19th anniversary of 9/11 was an opportunity for Iranian Council For Defending The Truth to ask Kevin Barrett to talk about his motivations and goals in writing “Truth Jihad: My Epic Struggle Against the 9/11 Big Lie”.
I wrote Truth Jihad in August 2006, six weeks after I had been dragged into the media limelight by Fox News followed by CNN, the New York Times, and the other big mainstream outlets. At that time I was one of the most outspoken and vulnerable of the 100 or so members of Scholars for 9/11 Truth, which was founded at the beginning of 2006 by Steven Jones and James Fetzer to contest the official version of 9/11 and draw attention to the controlled demolition of the World Trade Center.
Most of the Scholars were tenured professors. Many were scientists. I was a part-time Islamic Studies lecturer at the University of Wisconsin-Madison, trying to support a family of four on an income less than half the poverty line. Additionally, I had converted to Islam in 1993, which made me vulnerable to being cast by Fox News as a “radical Muslim professor” who was “corrupting the youth.”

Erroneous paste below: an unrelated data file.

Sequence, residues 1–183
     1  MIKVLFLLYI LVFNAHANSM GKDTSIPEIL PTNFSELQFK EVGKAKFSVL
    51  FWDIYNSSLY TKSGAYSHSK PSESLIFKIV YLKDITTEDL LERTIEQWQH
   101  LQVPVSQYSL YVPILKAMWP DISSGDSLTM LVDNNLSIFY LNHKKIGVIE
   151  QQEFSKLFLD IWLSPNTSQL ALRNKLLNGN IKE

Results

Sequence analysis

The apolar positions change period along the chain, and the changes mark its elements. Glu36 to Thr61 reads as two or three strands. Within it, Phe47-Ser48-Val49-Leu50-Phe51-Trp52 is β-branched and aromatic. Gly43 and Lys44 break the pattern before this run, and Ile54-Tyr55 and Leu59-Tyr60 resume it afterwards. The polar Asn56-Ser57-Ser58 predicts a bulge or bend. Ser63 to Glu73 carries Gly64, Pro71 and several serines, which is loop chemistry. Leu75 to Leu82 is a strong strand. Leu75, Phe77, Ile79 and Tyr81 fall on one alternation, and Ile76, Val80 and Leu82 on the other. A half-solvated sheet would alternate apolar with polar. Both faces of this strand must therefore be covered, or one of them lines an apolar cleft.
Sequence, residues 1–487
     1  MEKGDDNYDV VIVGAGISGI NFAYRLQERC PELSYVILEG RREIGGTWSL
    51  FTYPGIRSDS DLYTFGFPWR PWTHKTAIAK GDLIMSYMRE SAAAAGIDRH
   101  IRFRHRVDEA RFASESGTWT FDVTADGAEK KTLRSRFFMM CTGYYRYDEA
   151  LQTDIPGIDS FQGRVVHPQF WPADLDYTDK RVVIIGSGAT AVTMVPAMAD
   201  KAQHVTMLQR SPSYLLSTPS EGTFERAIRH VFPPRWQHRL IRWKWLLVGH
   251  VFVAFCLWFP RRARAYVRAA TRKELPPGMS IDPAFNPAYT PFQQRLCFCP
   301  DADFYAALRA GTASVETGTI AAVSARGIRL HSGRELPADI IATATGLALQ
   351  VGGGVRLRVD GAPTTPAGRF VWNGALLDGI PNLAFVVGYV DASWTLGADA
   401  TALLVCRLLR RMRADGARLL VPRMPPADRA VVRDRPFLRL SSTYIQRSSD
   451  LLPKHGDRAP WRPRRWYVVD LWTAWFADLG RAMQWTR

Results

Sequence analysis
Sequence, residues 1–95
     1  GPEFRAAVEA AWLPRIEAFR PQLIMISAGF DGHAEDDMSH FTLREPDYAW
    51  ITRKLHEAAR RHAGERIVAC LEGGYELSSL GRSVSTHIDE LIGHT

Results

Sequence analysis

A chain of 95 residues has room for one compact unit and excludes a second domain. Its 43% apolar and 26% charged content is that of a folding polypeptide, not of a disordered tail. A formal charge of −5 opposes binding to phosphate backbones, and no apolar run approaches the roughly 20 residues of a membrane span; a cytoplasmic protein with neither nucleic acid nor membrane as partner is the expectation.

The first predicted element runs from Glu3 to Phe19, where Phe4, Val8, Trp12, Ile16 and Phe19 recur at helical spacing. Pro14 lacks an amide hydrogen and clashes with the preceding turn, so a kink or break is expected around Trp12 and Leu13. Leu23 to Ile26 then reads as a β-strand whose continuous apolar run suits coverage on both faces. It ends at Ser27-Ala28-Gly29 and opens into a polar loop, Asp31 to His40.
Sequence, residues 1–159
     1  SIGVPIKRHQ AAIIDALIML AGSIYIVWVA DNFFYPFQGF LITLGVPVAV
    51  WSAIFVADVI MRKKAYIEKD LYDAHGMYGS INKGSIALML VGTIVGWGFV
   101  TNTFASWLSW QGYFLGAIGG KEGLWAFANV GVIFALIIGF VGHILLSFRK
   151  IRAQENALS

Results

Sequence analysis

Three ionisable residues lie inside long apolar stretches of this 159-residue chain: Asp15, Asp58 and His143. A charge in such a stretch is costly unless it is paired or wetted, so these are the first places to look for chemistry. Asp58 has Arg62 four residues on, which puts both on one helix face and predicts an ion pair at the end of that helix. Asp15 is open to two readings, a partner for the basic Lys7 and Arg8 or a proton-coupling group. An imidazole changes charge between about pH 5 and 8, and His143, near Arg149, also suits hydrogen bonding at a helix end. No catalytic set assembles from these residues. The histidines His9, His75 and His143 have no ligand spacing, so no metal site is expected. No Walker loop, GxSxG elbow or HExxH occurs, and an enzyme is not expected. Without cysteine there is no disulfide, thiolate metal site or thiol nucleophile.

The media campaign against me continued nonstop from late June through December 2006. Its goal was to force the University of Wisconsin to fire me. It failed. The University conducted a painstaking review of my teaching record and found I was a highly-rated instructor who had done nothing wrong. I taught Introduction to Islamic Studies during the fall semester. Anderson Cooper’s film crew, among other journalists, sat in on my class, which had drawn around 200 students instead of the usual 30. Though that class was a success, and the University stuck by its decision not to fire me, they could not rehire me without taking a huge financial hit. So since then I have been essentially unemployable in the American academy.
I wrote Truth Jihad that August to push back against the mainstream media attempt to dehumanize me as a deluded “conspiracy theorist” and “radical Muslim.” In the book I explored the question: How did a seemingly normal middle class Midwestern white boy turn into a “radical Muslim conspiracy theorist”? (It wasn’t just the media posing that question; my own mother was wondering the same thing, and it wasn’t until 2010 that she finally came around and admitted that WTC-7 was obviously a controlled demolition.)